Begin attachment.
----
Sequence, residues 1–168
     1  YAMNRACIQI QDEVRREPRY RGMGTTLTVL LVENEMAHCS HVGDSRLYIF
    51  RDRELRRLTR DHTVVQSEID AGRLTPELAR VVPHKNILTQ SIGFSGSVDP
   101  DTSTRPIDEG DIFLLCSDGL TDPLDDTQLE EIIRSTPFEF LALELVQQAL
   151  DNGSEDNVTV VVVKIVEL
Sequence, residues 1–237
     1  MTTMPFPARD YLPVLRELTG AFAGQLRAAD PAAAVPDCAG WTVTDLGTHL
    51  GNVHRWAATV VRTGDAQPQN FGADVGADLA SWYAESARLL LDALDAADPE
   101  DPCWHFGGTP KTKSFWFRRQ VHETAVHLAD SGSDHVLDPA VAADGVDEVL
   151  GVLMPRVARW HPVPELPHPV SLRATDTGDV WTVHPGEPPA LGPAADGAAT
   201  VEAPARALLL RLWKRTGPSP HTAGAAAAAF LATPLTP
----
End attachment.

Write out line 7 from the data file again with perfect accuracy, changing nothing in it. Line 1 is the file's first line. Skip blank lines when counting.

     1  MTTMPFPARD YLPVLRELTG AFAGQLRAAD PAAAVPDCAG WTVTDLGTHL